Rumors pose a particularly troublesome challenge for public relations people. In most crises, either the pertinent facts are not in dispute—either the plane fell out of the sky or it didn’t—or the individual making the charges can be engaged in debate. But rumors are, by their nature nebulous.
Consider the case of Procter & Gamble, beset for more than three decades now by the rumor that some percentage of its profit is used to promote Satanism. The fact that the rumor is patently absurd—in this era of shareholder activism, surely one of the institutions with significant holdings in P&G would have noticed—has apparently not mitigated it effect on the company. Its public relations department receives thousands of calls each year from outraged housewives and has to explain the situation to these people just as patiently as it would if they were not gullible cretins.
Proving a negative is, of course, an impossibility. It’s hard to see where P&G might start: hire the chief financial officer for the Episcopalian church, perhaps, to audit the company’s finances. In fact, P&G has made numerous efforts to track the rumor to its source, filing several lawsuits against rival Amway and its distributors for their part in spreading the rumor.
(That case took a further bizarre twist this week, with Amway accusing P&G of “supporting the spread of rumors about Amway” by paying the author of a rogue web site—Amway: The Untold Story—and providing him with information suggesting that Amway was encouraging its agents to disseminate the satanism rumor.)
Now a new study from the Institute of Public Relations confirms both the prevalence of rumors and the challenges they create for communicators.
Senior communicators responding to a survey conducted by Nicholas diFonzo of the department of psychology at Rochester Institute of Technology and Prashant Bordia of the University of Queensland said rumors about which they were concerned reached their ears almost weekly. The majority of these rumors are internal in nature—focusing on personnel changes and job security issues—but external rumors included both corporate reputation and product quality and safety issues.
External rumors cited covered subjects such as product discontinuance, product recall, and possible mergers or acquisitions.
According to diFonzo and Bordia, “PR professionals can expect to encounter harmful rumors frequently. The bulk of rumors seem to be associated with such common organizational changes as mergers, acquisitions, changes in personnel, downsizing, layoffs and restructurings. PR professionals can certainly expect rumors in these circumstances.”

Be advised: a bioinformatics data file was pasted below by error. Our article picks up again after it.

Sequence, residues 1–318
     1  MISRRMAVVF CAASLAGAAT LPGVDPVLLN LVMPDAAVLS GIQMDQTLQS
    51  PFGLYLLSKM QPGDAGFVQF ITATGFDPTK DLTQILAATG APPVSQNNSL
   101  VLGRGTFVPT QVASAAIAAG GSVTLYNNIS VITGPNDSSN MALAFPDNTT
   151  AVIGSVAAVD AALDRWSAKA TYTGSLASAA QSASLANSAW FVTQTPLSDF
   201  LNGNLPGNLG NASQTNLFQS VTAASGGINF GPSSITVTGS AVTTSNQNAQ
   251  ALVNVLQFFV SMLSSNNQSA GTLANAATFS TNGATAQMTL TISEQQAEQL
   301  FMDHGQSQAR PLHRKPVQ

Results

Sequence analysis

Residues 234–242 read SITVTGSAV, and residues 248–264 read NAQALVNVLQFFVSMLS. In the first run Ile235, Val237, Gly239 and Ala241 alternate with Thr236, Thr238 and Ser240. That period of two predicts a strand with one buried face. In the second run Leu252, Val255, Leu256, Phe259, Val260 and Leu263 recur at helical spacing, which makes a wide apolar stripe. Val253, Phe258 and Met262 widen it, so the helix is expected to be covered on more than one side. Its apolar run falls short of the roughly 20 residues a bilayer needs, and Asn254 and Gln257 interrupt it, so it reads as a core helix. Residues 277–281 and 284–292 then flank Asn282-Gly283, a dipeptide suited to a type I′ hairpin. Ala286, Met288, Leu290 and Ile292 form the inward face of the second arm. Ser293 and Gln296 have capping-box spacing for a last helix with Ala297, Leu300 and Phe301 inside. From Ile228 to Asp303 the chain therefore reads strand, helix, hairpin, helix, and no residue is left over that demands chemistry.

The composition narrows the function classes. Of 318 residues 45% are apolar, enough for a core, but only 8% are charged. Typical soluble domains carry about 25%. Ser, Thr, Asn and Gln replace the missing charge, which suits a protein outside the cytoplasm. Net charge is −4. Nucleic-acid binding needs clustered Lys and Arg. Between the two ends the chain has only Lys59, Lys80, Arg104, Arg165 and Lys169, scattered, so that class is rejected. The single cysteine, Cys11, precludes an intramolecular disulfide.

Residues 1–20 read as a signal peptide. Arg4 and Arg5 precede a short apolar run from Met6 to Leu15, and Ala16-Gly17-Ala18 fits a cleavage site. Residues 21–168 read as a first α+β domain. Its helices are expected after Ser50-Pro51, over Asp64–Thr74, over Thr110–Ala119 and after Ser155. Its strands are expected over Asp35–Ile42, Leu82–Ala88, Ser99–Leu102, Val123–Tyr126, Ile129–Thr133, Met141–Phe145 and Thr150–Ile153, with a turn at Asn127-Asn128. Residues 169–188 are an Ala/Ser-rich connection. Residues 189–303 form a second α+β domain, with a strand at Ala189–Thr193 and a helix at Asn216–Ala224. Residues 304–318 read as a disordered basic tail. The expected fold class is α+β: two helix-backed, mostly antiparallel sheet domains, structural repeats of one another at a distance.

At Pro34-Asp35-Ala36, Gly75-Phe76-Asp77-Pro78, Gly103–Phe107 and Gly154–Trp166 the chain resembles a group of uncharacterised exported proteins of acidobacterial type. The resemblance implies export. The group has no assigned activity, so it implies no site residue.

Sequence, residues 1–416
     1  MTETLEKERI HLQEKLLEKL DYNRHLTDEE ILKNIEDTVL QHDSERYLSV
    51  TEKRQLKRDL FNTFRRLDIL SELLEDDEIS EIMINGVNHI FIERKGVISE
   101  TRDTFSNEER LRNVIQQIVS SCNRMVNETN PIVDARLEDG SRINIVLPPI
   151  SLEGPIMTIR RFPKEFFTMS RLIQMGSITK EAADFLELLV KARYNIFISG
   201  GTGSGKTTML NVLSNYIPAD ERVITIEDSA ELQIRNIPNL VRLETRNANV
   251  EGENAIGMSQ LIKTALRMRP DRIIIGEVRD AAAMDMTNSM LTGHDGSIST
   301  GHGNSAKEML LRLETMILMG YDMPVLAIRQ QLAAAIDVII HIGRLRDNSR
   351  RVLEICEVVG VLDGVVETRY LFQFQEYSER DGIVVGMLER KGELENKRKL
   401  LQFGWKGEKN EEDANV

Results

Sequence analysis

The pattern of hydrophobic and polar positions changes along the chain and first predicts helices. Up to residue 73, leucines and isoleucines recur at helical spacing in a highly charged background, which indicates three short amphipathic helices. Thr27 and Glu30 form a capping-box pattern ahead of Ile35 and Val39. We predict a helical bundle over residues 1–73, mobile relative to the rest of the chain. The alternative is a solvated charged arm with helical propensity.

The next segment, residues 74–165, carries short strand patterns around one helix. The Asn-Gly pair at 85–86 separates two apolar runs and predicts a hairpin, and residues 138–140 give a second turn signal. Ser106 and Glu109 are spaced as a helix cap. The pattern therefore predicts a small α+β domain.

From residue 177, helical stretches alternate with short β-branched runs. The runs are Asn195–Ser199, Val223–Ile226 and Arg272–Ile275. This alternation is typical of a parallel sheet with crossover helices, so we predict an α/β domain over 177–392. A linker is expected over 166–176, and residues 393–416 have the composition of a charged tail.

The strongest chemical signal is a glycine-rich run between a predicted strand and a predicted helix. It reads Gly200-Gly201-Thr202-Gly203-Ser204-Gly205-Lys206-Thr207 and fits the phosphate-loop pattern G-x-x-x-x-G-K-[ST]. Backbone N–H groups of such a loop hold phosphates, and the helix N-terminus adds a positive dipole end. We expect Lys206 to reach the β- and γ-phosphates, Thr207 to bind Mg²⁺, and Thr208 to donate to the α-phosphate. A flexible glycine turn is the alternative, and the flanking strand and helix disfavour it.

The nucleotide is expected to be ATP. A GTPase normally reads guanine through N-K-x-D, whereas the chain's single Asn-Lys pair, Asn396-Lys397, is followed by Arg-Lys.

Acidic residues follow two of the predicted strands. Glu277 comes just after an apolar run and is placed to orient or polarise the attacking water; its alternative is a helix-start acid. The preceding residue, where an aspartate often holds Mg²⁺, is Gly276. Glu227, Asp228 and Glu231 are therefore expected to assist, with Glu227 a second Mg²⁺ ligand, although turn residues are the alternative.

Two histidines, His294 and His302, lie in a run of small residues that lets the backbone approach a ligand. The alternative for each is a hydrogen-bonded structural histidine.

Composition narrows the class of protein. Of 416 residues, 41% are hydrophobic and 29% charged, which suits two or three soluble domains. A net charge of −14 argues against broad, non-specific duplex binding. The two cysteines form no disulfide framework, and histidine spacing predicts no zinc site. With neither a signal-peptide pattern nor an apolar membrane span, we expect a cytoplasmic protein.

Regardless of the truth of the rumors in question, their consequences were rated “somewhat severe” on average. The most serious consequence of rumors was the loss of trust between workers and management, followed by increased employee stress and lowered morale, but external consequences—including bad pass, sullied reputation, and even declining share price—were also rated moderately severe.
 The survey also suggests that companies employ a wide range of strategies to counter rumors, with varying degrees of success. The most successful approaches include articulating the values of the organization, making it clear that formal procedures are in place to deal with the issues raised, and explaining the process by which change decisions will be made.
There was widespread agreement that refusing to comment, spreading counter rumors, and seeking out and punishing the people responsible for planting the rumor were not affective strategies. However, a number of respondents cited examples of rumors that had been ignored and had simply died out.
“PR professionals can best inhibit rumor activity and its associated effects by reducing or placing bounds on uncertainty,” say the authors. “Though it is often not possible or desirable to completely dispel uncertainty surrounding organizational change, strategies that limit uncertainty will aid greatly in the reduction of questions and doubts.”
Interestingly, some obvious public relations responses—establishing a rumor hotline, for example, or enlisting a credible third party to deny the rumor—were generally effective but were not widely used.
In conclusion, DiFonzo and Bordia say, “timely consistent , brief, regular and coherent communiques from appropriate company officials or trusted outside sources seem likely to reduce rumor activity. It seems probably to us, however, that the success of such efforts presupposes perceptions on honesty, a climate of trust, and communique content that is helpful in structuring uncertainty.”